Caregiver Centric Culture: A Sustainable Model for Exceeding Staffing, Quality & Revenue Requirements

Jerry Bridge Uncategorized 2 Comments

While quantity and quality of senior living options and related technologies continue to evolve, the senior care industry faces at least three major challenges;

  • The median caregiver turnover rate across the industry was 66.7% in 2017, the highest rate since 2013.
  • About 10,000 Baby Boomers turn 65 each day. The number of people aged 65 and over is projected to climb by over 25 million over the next ten years!
  • The ultimate purpose of elder care, and of healthcare in general, is to alleviate suffering, increase well-being and enhance quality of life. And yet, far too many clinicians, caregivers, administrators and medical staff suffer from stress, overwhelm, fatigue and burnout; resulting in high turnover, sick days, disengagement, and sub-par care.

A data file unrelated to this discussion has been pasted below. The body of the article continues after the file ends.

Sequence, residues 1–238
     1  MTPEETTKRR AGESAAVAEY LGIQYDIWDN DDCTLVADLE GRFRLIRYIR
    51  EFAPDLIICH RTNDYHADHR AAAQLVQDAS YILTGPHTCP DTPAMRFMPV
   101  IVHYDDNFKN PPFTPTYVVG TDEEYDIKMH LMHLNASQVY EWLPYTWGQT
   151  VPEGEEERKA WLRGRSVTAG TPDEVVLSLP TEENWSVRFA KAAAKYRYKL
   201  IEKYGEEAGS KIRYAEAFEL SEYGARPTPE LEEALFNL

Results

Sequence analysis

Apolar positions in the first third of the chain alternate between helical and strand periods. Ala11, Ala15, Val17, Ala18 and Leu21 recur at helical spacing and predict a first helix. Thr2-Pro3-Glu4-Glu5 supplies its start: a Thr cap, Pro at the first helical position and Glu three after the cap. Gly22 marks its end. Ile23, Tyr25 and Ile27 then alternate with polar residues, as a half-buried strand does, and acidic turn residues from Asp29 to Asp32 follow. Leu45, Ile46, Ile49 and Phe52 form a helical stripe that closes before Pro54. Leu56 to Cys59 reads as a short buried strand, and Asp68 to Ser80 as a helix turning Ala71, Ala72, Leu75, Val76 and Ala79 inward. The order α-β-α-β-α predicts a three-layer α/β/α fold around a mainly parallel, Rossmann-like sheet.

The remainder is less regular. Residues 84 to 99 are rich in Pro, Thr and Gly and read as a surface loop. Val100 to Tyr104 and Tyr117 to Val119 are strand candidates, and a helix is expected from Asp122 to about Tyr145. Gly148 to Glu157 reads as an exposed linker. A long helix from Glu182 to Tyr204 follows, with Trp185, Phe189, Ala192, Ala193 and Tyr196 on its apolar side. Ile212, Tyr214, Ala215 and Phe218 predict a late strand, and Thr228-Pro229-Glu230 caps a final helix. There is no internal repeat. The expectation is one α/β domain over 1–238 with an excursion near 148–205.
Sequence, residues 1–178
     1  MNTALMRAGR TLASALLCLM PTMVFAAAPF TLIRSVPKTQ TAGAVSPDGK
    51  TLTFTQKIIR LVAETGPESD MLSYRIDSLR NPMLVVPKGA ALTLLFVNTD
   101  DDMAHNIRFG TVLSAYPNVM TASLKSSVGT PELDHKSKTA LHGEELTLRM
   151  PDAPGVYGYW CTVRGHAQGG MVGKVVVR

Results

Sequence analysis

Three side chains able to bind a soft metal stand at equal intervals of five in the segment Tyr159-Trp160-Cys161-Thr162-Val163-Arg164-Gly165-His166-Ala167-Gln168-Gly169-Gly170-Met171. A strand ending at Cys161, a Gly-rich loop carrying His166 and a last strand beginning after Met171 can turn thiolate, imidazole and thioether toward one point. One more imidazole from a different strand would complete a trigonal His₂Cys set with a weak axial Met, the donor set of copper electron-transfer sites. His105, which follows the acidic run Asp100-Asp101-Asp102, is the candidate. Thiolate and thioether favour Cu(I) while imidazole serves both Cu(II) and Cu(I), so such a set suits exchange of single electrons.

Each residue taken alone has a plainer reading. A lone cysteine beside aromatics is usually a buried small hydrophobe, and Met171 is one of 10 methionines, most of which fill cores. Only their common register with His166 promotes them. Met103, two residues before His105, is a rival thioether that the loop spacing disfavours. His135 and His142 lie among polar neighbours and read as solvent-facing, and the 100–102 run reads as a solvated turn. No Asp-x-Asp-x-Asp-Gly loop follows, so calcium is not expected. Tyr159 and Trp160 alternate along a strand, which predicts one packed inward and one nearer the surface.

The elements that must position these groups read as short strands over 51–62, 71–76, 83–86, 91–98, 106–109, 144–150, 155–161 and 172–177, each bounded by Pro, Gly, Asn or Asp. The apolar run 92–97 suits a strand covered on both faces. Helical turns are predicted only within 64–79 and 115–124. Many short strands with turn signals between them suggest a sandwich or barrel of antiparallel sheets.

With these issues in mind, while preparing for a recent Keynote address (MatrixCare Annual Users Conference 2019), I interviewed senior leaders and management from several Home Care and Assisted Living organizations. My research helped me to understand some of the critical principles and practices necessary for building a sustainable culture in which the entire workforce is able to thrive, generating sufficient revenue and optimizing quality of care. Here I highlight one of the best!